7. ENFORCE LABORATORY RULES, especially if safety is an issue. You should also adhere to the rules since students view you as a model for lab behavior. Making safety concerns known is a necessary first step in avoiding serious problems. In addition, stress lab courtesy. Be sure to have students clean their lab area before they leave. Also, report breakages in the lab as soon as possible and set broken apparatus aside, clearly marked for other students and TAs who will be using the lab after you.
9. PROVIDE STUDENTS WITH LABORATORY HINTS-helpful information, sample data, the derivation and use of any typical formulas and calculations of sample lab problems. Such information can smooth out the process of completing a lab.
10. INFORM STUDENTS OF THE PROCEDURES AND RULES FOR WRITING UP AND SUBMITTING LAB REPORTS or results of experiments. If you are as explicit as possible about what you expect in the way of written work, you can save yourself from the post-grading complaints and hassles which students can inflict on an unprepared TA.
11. POINT OUT INTERESTING HISTORICAL ASPECTS OF THE EXPERIMENT whenever possible (e.g., "Galileo did this whole thing using a cathedral lantern for a pendulum and his pulse for a watch!"). Historical anecdotes can increase student motivation for the lab by adding a new perspective to their tasks (instead of being motivated soley to receive course credit) as well as breaking up the routine of the section.
12. CIRCULATE AMONG YOUR STUDENTS WHILE THE LAB IS IN PROGRESS and be available to give assistance and answer questions. As a lab TA, you have the opportunity for an unusual degree of involvement with student learning. You can observe your students at work and give them help where it's needed. Don't wait for students to ask you questions since they may be a little hesitant(especially early in the quarter). Ask a few strategic questions of your own in order to figure out what students do/do not understand (e.g., "Once you plot those points on your graph, how are you going to find the best straight line through them?", or "Why do they tell you to make measurements with the current going both ways through the coil?"). Be aware that there is a difference between hovering around students, intimidating them, and circulating around being friendly and letting them know that you want to interact and help with the lab.


As the lab section draws to a close, you'll want to assess your success as well as that of your students in the lab. As in most situations, evaluations can be conducted both formally and informally.


1. READ AND EVALUATE STUDENT LAB WRITE-UPS to assess individual or group success in a) completing the lab, b) gathering the appropriate data, c) drawing reasonable conclusions from the data, and d) following designated procedures for the lab report.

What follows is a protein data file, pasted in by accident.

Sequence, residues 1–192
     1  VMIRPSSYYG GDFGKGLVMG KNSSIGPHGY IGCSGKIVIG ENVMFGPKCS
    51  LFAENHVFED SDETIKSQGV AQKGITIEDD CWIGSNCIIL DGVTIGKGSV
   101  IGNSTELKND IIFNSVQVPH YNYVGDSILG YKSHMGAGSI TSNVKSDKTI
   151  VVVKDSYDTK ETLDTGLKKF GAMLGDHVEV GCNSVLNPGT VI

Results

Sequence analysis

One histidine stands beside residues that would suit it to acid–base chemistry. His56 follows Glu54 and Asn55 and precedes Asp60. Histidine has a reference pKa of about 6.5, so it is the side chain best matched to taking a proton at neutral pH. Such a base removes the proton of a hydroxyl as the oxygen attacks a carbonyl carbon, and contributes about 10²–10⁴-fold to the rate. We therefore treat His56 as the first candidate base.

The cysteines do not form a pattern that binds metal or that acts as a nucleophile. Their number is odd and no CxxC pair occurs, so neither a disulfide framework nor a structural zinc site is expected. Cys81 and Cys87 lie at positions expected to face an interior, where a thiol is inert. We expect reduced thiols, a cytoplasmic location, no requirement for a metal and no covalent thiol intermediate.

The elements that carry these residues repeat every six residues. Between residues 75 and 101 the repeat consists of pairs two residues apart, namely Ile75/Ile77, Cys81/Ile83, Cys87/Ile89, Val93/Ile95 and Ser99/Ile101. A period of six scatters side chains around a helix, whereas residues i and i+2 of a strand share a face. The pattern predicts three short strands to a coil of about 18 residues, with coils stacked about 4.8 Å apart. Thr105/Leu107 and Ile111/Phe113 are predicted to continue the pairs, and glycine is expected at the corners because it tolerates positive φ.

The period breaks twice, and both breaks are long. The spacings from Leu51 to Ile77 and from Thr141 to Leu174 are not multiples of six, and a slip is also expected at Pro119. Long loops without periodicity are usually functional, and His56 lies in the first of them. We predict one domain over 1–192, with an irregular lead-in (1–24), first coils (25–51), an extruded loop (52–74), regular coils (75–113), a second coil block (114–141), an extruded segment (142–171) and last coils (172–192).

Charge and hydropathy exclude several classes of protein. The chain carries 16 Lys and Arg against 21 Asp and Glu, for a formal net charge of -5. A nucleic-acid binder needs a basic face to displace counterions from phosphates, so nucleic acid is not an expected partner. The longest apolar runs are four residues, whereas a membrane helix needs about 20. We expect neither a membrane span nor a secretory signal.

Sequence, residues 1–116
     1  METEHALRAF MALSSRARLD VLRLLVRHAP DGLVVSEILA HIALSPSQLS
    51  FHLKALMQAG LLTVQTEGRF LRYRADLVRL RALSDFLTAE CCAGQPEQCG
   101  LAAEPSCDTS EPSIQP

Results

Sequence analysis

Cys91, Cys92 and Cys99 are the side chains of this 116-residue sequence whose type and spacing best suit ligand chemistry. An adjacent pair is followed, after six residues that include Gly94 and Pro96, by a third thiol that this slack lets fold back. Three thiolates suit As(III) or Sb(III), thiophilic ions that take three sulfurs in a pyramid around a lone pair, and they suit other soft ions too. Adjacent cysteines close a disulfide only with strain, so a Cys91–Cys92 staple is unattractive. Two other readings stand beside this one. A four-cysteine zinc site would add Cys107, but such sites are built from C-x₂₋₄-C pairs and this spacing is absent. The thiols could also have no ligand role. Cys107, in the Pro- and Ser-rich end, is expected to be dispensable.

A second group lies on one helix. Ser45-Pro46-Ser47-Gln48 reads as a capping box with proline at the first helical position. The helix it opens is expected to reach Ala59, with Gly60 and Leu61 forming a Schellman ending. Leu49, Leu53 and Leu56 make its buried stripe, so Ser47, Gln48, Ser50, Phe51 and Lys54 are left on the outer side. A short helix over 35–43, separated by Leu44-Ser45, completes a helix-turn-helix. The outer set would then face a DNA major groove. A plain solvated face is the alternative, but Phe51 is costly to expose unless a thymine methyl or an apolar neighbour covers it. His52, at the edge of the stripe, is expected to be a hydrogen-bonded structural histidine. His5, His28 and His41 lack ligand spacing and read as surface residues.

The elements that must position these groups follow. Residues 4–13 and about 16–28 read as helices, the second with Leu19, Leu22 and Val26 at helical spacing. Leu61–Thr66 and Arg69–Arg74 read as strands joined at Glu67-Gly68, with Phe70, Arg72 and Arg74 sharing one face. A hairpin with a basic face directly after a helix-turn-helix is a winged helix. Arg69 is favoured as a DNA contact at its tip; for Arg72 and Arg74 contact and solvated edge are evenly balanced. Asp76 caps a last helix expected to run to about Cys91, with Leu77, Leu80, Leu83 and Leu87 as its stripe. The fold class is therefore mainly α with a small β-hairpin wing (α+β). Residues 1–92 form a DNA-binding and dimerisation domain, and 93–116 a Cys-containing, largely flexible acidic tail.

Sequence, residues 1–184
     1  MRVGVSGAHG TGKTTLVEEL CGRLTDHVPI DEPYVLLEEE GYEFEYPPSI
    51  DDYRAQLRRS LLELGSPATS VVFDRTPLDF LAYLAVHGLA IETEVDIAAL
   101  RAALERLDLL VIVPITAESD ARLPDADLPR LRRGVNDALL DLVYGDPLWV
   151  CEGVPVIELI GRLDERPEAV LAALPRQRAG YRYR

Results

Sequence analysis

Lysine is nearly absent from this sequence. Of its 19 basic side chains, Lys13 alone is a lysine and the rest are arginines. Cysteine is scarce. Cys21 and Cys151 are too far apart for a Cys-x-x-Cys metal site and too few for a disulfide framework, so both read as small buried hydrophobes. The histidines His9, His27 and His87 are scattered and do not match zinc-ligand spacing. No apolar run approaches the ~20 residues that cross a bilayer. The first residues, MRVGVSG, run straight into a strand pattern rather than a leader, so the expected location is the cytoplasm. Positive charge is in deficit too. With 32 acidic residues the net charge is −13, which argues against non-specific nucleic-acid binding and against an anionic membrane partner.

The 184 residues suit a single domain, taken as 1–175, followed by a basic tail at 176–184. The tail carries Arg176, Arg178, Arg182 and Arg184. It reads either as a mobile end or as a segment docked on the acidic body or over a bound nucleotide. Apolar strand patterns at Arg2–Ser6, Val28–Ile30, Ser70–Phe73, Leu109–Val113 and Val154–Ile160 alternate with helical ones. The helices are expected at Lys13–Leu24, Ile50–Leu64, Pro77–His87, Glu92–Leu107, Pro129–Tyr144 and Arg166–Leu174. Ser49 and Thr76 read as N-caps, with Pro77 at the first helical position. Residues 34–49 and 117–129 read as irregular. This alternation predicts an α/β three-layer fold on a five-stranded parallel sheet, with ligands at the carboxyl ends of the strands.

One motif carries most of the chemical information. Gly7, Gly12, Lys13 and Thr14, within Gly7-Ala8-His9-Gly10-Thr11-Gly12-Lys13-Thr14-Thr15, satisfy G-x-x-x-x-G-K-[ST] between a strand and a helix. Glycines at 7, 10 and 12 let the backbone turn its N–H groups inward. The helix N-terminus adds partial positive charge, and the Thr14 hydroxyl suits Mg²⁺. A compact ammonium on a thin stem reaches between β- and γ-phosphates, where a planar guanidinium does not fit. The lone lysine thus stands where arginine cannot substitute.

2. ADMINISTER FREQUENT QUIZZES to inform you and your students of their understanding of the facts, concepts, principles, procedures, etc., that you expect them to be acquiring in the lab (see "Testing and the TA" for tips on quiz construction).
3. ASK FOR WRITTEN FEEDBACK ABOUT YOUR PERFORMANCE AS A LAB TA. You can gather MID-QUARTER FEEDBACK by distributing a short questionnaire to your students around midterms. The intent of mid-quarter feedback is to provide you with information reflecting student opinion about specific aspects of your section, e.g., clarity of presentation, relevance of material, willingness to respond to questions. These brief surveys can also provide some global reactions to the course in general. By reviewing these questionnaires right away, you may be able to make changes that will affect the students from whom the feedback was obtained.


1. LISTEN TO QUESTIONS THAT ARE ASKED AND PROBLEMS THAT ARISE during the lab. If an individual asks a critical question or experiences an important problem, you can draw this to the attention of the entire class. Student questions help to pinpoint difficulties in coping with the lab.
2. ASK QUESTIONS WHICH WILL LET YOU KNOW IF STUDENTS UNDERSTAND WHAT'S GOING ON. This can be an effective means for assessing student progress in the lab.
3. FREQUENTLY ASK IF STUDENTS ARE UNDERSTANDING WHAT YOU'RE PRESENTING OR ASKING THEM TO DO. Student response to this or similar questions may serve as an informal barometer about the perceived pace and clarity of your lab presentations and instructions.

consultation contacts

George Michaelsexecutive director2130 Kerr Hall
lisa berrysenior instructional consultant1130 Kerr Hall
mindy colininstructional consultant1130 Kerr Hall
Mary Lou Ramos database and ESCI administrator1130 Kerr Hall
TBD ESCI assistant1124 Kerr Hall


Laurel Shaddixoffice manager 1130 Kerr Hall
faxfax: 805-893-5915